Friday, June 22, 2018

Stem Cell 'Ethical Tensions,' Recouping the Public Investment, Affordability and Much More

"Staggering" amounts of public money have been spent on stem cell research, and "care must be taken" to assure that commercialization does not exact an excessive "human or monetary price," according to an article this week in the journal Science.

The cautionary note was sounded in the prestigious publication while the world's largest stem cell gathering is underway in Australia with more than 2,500 researchers and others in attendance. Plus next week, the $3 billion California stem cell agency convenes its directors to mull over its own programs and give away more millions. 

Written by Douglas Sipp, a researcher at RIKEN in Japan, Megan Munsie of University of Melbourne and Jeremy Sugarman of John Hopkins University, the Science article said
"Ethical tensions related to stem cell clinical translation and regulatory policy are now center stage...."
They said that expedited government procedures for use of stem cell treatments have been set up in the United States, Japan and Italy. At the same time, they wrote, 
"A staggering amount of public money has been spent on stem cell research globally."
The article declared, 
"The state and the taxpaying public's interests should arguably be reflected in the pricing of stem cell products that were developed through publicly funded research and the regulatory subsidies. Detailed programs for recouping taxpayers' investments in stem cell research and development must be established."
They warned, 
"Care must be taken to ensure that entry of stem cell–based products into the medical marketplace does not come at too high a human or monetary price."
Another journal article this week also sounded cautionary notes. Written by Paul Knoepfler of UC Davis, it was titled: 
"Too Much Carrot and Not Enough Stick in New Stem Cell Oversight Trends"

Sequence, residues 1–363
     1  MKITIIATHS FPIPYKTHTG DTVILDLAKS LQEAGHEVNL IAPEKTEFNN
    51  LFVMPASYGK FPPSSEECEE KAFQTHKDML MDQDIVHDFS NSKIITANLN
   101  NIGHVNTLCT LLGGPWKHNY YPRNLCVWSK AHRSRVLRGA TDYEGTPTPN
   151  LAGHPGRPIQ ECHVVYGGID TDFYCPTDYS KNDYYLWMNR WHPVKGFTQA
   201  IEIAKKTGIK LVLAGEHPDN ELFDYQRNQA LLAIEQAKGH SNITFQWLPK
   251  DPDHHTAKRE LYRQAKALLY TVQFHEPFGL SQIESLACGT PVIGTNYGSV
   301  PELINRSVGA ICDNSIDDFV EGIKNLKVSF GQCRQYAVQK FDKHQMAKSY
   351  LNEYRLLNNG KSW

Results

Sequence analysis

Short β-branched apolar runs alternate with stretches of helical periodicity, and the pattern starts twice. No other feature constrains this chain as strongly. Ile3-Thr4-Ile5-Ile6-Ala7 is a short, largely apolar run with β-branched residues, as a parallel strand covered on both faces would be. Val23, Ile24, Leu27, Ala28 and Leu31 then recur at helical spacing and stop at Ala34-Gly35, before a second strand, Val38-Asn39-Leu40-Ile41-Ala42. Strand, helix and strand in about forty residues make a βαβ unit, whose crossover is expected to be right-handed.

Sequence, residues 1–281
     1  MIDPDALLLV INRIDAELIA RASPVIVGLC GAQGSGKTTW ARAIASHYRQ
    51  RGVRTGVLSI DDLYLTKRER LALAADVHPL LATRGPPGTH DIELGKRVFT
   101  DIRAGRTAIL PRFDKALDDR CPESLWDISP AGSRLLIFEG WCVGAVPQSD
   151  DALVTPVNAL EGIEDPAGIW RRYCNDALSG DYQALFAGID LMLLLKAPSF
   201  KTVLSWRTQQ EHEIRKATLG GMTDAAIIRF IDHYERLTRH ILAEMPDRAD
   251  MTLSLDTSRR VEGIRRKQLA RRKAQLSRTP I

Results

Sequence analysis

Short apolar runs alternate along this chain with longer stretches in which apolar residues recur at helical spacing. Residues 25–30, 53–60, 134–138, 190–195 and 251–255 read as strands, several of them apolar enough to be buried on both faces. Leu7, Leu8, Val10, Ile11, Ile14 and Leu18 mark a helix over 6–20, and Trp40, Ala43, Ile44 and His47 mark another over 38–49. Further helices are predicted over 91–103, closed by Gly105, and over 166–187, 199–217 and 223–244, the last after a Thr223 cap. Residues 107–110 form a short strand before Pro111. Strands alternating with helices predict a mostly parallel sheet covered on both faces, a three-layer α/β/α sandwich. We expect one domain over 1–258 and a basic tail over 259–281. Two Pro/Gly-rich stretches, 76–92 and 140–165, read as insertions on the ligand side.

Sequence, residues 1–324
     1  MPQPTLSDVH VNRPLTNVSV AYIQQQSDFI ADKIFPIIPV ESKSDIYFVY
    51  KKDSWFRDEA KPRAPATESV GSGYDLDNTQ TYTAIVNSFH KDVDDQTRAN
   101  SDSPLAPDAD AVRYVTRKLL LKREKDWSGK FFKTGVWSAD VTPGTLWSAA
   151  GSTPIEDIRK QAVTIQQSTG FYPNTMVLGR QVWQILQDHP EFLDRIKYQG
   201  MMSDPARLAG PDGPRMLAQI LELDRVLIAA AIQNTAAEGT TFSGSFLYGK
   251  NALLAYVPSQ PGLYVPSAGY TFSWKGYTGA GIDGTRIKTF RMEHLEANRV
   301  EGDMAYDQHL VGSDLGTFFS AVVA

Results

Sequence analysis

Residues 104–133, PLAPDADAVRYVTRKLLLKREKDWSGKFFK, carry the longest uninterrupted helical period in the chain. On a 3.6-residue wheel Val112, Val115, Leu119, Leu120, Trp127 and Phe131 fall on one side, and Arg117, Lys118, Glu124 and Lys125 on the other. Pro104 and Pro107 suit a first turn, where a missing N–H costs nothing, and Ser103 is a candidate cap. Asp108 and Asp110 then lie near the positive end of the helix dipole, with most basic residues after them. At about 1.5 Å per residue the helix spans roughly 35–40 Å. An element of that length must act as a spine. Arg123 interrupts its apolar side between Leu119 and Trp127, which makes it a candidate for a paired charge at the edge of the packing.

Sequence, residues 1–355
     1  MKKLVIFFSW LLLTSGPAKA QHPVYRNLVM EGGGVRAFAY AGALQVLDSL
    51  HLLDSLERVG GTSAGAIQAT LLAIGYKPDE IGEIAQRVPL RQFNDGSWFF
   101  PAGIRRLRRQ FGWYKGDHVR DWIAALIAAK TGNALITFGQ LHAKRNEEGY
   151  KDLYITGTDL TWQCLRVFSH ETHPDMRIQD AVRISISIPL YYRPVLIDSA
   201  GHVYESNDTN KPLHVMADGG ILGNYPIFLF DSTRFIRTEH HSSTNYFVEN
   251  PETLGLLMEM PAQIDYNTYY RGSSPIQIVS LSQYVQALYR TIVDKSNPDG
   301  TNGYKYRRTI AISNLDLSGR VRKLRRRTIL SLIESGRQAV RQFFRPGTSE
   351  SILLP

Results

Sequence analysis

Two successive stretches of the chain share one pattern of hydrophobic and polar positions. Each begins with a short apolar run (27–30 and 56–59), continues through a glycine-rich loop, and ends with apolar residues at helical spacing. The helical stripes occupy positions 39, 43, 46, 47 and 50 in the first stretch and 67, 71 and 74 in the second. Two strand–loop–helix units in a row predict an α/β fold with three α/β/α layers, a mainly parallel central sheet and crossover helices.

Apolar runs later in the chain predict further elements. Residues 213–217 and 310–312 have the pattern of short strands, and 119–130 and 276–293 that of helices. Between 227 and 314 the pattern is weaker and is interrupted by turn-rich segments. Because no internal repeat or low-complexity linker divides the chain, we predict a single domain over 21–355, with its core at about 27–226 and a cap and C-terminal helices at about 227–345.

Knoepfler addressed the Food and Drug Administration's efforts to speed use of stem cell therapies. He wrote in Cell Stem Cell and also on his blog, saying,
"It’s been remarkable to see the FDA approve up to 20 regenerative medicine advanced therapy(RMAT) designations in just over a year. However, I think there’s a strong possibility the agency has swung too far from the too slow review of stem cell and regenerative medicine investigational therapies in the past to now going at warp speed. Since none of the current 20 designated RMAT products had any kind of prior expedited review designation given, is it reasonable to think all 20 now meet rigorous enough standards and all because of new data? It’s hard to say, but there’s likely a spectrum of existing data behind these RMAT designated studies.
"We won’t have an overall RMAT verdict for years as the RMAT trials play out. However, I predict that the agency has lowered the bar too far. There are also concerns that the conditional approval system in Japan is too liberal, as evidenced by discussion over the approval of a recent IPS cell cardiovascular study. Taken together this is what I mean by 'too much carrot.'  Another issue with RMAT is that the criteria by which the designations are given (or not) are not clear." 
Next Thursday, the governing board of California's $3 billion stem cell agency is scheduled to meet to give away more millions for stem cell research in the Golden State. The agency will also be examining the non-scientific considerations that it uses in deciding which applications to fund. It may be that some of the issues raised by these four researchers will also come into play.
Sphere: Related Content

No comments:

Post a Comment